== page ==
DETROIT (WWJ/AP) - Bernard Kilpatrick, father of former Detroit Mayor Kwame Kilpatrick, has been sentenced to 15 months in prison for his role in the City Hall corruption case.
He was convicted of not reporting all income to the IRS for 2005.
A jury cleared him or couldn’t reach a verdict on more serious charges during a corruption trial alongside Kwame Kilpatrick and Detroit contractor Bobby Ferguson.
Nonetheless, U.S. District Judge Nancy Edmunds says the 72-year-old was involved in acts of extortion during his son’s time as mayor.
Handing down the sentence on Thursday. Judge Edmunds ordered that Bernard Kilpatrick serve one year of probation in addition to the prison time. He will also have to pay back roughly $62,000 to the IRS.
Prosecutors wanted him to spend two to three years behind bars, saying that he profited while his son was mayor.
Reporting from the courthouse, WWJ Newsradio 950′s Stephanie Davis said Bernard Kilpatrick appeared contrite as he addressed he spoke for just about a minute, prior to his sentencing.
He said he “messed up … no question about it.” He said he brought misery to his family and friends, and these last six years or so had been very difficult for him and his family.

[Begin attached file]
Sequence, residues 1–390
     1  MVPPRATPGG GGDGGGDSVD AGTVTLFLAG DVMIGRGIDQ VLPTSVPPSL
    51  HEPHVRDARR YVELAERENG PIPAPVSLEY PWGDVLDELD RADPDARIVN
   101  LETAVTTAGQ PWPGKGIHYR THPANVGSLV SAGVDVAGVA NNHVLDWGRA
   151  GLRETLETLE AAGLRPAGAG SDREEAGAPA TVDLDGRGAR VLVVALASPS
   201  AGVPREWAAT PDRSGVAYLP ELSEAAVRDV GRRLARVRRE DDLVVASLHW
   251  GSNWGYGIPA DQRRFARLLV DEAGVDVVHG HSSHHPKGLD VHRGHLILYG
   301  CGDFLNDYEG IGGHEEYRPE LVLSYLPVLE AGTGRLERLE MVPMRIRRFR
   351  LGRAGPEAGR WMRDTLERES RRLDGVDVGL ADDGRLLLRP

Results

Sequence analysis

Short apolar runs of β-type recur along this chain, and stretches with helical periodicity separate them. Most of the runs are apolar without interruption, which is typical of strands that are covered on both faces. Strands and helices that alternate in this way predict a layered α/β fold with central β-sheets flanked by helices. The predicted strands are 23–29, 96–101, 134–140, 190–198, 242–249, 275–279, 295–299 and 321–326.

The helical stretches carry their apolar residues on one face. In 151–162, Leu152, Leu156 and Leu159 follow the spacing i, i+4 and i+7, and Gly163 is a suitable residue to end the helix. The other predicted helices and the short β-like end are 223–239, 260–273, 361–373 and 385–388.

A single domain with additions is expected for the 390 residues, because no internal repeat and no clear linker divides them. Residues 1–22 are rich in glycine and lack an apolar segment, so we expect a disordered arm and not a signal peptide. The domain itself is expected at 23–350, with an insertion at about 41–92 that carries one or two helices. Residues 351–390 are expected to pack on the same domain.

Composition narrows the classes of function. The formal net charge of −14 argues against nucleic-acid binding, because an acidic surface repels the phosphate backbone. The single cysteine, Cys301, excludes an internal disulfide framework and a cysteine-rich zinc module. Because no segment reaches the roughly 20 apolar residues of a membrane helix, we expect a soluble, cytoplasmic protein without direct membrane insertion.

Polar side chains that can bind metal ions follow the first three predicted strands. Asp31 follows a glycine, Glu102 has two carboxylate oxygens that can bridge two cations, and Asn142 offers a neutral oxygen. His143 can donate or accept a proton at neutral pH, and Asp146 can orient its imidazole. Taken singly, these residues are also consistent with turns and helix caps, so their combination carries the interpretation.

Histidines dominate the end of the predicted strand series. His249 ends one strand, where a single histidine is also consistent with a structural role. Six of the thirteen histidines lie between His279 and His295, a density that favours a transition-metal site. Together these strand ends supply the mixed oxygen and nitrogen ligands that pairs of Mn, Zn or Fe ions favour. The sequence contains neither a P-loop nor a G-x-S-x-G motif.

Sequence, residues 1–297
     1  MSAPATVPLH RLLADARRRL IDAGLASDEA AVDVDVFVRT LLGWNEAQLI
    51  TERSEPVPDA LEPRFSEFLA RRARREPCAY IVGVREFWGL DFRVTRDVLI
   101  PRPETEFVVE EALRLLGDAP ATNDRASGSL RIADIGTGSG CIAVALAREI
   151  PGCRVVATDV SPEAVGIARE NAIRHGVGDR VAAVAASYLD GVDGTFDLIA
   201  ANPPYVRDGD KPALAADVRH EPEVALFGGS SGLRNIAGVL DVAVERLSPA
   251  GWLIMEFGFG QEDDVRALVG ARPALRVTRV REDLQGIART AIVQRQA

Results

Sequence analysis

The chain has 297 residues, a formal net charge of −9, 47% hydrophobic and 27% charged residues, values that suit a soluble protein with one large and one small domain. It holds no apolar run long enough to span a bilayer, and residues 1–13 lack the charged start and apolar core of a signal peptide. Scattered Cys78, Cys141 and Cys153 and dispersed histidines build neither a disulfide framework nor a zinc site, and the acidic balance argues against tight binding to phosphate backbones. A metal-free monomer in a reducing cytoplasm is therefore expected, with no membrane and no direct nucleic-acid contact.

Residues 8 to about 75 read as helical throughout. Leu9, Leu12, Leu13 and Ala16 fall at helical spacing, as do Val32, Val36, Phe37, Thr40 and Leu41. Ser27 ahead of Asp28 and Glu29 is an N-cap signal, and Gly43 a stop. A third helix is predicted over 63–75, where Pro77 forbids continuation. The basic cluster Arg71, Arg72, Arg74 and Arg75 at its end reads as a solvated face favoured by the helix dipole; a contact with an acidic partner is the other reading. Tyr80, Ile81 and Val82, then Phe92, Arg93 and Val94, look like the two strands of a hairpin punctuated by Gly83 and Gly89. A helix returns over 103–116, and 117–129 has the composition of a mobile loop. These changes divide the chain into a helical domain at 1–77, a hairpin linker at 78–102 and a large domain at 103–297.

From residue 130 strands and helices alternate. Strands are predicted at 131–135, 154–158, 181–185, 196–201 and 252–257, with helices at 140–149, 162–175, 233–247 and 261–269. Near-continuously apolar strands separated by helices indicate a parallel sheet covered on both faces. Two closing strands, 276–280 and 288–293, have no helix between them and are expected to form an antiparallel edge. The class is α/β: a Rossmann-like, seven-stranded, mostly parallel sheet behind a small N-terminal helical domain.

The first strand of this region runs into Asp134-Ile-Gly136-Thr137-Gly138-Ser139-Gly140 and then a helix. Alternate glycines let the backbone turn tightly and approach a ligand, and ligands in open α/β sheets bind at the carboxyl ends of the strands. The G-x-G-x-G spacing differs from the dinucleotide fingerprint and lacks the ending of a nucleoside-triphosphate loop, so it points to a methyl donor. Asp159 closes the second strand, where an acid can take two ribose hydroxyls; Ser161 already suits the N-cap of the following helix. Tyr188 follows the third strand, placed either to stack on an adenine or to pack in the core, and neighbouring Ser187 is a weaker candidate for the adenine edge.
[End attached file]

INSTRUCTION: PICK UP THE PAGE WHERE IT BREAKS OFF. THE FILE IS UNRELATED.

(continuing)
Last week, Kwame Kilpatrick was sentenced to 28 years in prison — one of the longest sentences in recent cases of corruption in the U.S. He resigned as Detroit mayor in 2008. Bobby Ferguson, was sentenced to 21 years in prison for his role,
Bernard Kilpatrick sold himself as a savvy consultant who could help people cut through red tape if they wanted to bid on city business. He declared income of $1.3 million while his son was mayor and made more than $600,000 in cash deposits, according to evidence.
Bernard Kilpatrick was recorded telling Detroit convention center contractor Karl Kado that his work could be extended for 10 years if Kado didn’t meet with federal investigators. He also was caught telling a sludge company representative that a contract would be killed if bribes weren’t delivered.
Nonetheless, the jury acquitted Bernard Kilpatrick of attempted extortion and convicted him only of filing a false tax return for 2005. At trial, his defense attorney portrayed him as a sharp-elbowed consultant, not an extortionist.
Prosecutors say Kwame Kilpatrick was the mastermind of a “pay-to-play” system for the provision of city goods and services which compromised vast swaths of city government, including the water and sewer system, the convention center, the pension system, casino developments and recreation centers.
Judge Edmunds ruled Bernard Kilpatrick can either serve his sentence in Michigan or in Texas, where his son will be incarcerated, and much of his family now resides.
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